I’ll also be adding some more ‘stuff’ from our summer, as well as catching up on organizing the 5G of photos from the past year of Taiwan activities I need to get on here as well, so expect more  tea-related material in the near future! Promise!

 

 

 

 

 

 

A Merry Christmas

We didn’t have a real big Christmas here this year – the Teaboy and I were both a bit sick, and besides, there’s never any snow! Luckily, Santa was pretty good this year. He brought me an iron kettle set so I can start working on my charcoal water boiling here at home. Now I just need some coal in my stocking and I’m all set!

 

 

 

 

 

 

 Hey dad – there’s a hole in your bowl”

 

 

 

 

 

 

 

 

 

“That makes a big pot of tea!”

 

 

 

 

 

 

 

 

 

I’ll be blogging about my charcoal adventures as I go along, so stay tuned for more, and happy holidays!

Local Scenery

On our trip to make Black Tea with Master Tsai, we took time out for a well-deserved break in Suei Li, a small farming community just south of Sun Moon Lake. Among other things, the town is famous for its ice cream, which we naturally just had to sample!  Read the rest of this entry »

Picking Black Tea

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On the second morning of our Black Tea Workshop, we  went up to some of the Assam tea fields in the Yu Chr area to pick tea.  It’s in a very unassuming area – just a narrow concrete road winding into the hills. There wasn’t even room to turn the car around! Read the rest of this entry »

Gettin’ Our Kicks on Route 66

      

No, not that Route 66! On our trip to make Taiwan Black Tea with Tsai Lao Shr (see Making Black Tea), we stayed at a small bed & breakfast in  Yu Chr Township, near Sun Moon Lake. Since the big earthquake in 1999 (I was here for that!), the area has struggled to recover, but eco-tourism is becoming popular now, so things seem to be improving in the area economically.     

      

Read the rest of this entry »

Making Black Tea

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Master Tsai offered me space in one of his Nantou tea-making workshops, so of course I jumped at the chance. We rode the high-speed train to Taichung, then by car to Yu Chr, a black tea growing area around the north end of Sun Moon Lake.  The first day consisted of actually producing our own hand-rolled organic Assam tea in the local style, a group dinner, and then a late-night tea session at a local bed & breakfast. The second day we picked tea in the mountains, toured the Sun Moon Lake area (including a visit to the Tea Research Center near the lake), then held an informal competition to taste and discuss our tea before heading back to Taipei. This post focuses on the actual processing of our black tea. Read the rest of this entry »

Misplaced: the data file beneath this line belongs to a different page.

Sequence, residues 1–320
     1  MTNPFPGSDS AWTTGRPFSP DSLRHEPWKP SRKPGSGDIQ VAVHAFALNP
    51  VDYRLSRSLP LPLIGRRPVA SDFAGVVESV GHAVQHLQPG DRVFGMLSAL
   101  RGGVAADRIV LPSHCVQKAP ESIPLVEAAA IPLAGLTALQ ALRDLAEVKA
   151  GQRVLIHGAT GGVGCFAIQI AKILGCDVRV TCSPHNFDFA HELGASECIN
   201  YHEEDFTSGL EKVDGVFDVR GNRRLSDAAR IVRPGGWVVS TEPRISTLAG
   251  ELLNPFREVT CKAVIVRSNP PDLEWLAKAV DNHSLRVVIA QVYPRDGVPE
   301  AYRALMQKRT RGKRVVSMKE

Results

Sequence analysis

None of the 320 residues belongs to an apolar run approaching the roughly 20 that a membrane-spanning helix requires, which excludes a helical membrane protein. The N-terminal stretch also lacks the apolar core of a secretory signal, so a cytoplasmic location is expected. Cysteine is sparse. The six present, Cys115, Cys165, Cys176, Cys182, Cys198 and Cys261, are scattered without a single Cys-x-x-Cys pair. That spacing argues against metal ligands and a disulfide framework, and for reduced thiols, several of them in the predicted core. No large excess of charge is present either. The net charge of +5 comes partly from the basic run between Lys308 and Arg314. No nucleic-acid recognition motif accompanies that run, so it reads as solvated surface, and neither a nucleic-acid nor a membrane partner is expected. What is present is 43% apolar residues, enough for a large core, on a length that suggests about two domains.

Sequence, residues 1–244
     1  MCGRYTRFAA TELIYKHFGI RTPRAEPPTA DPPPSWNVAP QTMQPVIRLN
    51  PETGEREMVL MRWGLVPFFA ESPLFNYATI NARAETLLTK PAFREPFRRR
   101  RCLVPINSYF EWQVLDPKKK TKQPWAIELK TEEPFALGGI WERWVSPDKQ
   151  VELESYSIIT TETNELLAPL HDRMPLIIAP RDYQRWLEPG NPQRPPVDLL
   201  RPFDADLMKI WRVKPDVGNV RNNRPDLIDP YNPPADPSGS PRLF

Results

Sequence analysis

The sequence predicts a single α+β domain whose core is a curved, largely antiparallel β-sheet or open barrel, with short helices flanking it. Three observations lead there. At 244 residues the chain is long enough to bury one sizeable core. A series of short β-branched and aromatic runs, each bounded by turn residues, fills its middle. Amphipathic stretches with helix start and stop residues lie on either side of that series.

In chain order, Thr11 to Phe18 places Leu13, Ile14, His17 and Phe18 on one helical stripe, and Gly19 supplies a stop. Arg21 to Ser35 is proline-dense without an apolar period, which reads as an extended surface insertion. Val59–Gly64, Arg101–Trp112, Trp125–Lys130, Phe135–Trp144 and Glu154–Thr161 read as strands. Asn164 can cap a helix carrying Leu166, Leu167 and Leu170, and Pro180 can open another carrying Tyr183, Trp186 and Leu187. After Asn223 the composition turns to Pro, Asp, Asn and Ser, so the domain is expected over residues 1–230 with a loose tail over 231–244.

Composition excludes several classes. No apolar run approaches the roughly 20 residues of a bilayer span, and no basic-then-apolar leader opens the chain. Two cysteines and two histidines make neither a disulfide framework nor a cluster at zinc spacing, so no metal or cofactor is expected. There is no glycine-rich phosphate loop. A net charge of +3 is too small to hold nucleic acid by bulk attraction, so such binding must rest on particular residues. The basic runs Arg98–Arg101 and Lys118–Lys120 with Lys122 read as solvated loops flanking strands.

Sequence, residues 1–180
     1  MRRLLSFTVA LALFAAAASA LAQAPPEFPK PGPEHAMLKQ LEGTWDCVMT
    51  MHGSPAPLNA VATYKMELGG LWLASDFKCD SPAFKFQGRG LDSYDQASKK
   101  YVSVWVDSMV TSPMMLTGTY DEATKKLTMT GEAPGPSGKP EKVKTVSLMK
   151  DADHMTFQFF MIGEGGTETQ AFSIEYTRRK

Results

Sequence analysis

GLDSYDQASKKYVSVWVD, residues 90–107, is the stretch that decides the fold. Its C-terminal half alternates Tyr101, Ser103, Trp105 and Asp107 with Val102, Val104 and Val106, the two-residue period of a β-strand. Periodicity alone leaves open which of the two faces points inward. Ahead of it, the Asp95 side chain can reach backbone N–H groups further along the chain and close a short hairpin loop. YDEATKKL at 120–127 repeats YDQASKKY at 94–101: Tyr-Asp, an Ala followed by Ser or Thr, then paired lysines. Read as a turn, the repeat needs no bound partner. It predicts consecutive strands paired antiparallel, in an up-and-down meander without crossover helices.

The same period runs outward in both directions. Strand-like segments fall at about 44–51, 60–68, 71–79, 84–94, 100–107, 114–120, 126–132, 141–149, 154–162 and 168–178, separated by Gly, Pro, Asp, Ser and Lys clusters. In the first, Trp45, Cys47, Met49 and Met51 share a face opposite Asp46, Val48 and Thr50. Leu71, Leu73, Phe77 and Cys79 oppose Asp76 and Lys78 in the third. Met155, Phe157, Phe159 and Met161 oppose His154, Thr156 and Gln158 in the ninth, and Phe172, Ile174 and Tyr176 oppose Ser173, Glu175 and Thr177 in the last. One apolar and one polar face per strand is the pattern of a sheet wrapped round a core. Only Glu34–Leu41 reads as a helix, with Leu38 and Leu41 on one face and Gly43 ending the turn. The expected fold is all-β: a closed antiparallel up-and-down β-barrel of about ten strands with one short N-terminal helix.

Formosa Garden Tea Room

dsc_0020To those of my loyal readers who’ve been wondering what happened to me the past few months, thanks for your concern. No, I wasn’t on an extended tea-picking trip to Nantou (although reports on that are coming soon), and no, I wasn’t flattened by a city bus running a light on Chung Shan N. road (almost – I was just a bit too quick for him!!). I was, in all honesty, hanging out around the house. We’ve moved into a new place, and I have been converting the main living room and balcony into a tea room, which is now open for business! 

  Read the rest of this entry »

Organic Taiwan Teas Now Available

Teaguy is very happy to let you know he now has his own line of organic teas from Taiwan available through this site. You can check out the Mystic Grove Teas under the ‘Tea’ heading on the left side of the page there.

 

We are also going to carry ChaTei brand teas, and the prices & descriptions for those will be added soon. ChaTei is the flagship line of Master Aliang’s Hsi Tang Tea Company. They are all hand-selected personally by Aliang to meet his high standards, and  include:

 

          Alishan and Shan Lin Hsi Oolongs

          4 Seasons Oolong

          Jade Oolong

          Jin Xuen (Silk or Milk Oolong)

          Wen Shan Baojong

          Oriental Beauty (Dong Fang Mei Ren)

          Mucha Tie Kuan Yin (Aliang’s signature tea)

 

I’m very excited about these new additions to the website, and I’d like to thank all of you who have supported the Teaguy since it’s inception. Your comments and patronage have been a great inspiration to me, and I look forward to expanding and developing this site. I look forward to helping you with your tea needs in the coming year!!!

2009 Zoo Exhibition

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Ran across these photos the other day, and realized I hadn’t posted this up from last June! The Mucha Farmer’s Association sponsored an event to showcase the area’s agricultural goods, so of course Aliang and I were there representing Tie Kuan Yin (Iron Goddess) and Bao Jong teas. Read the rest of this entry »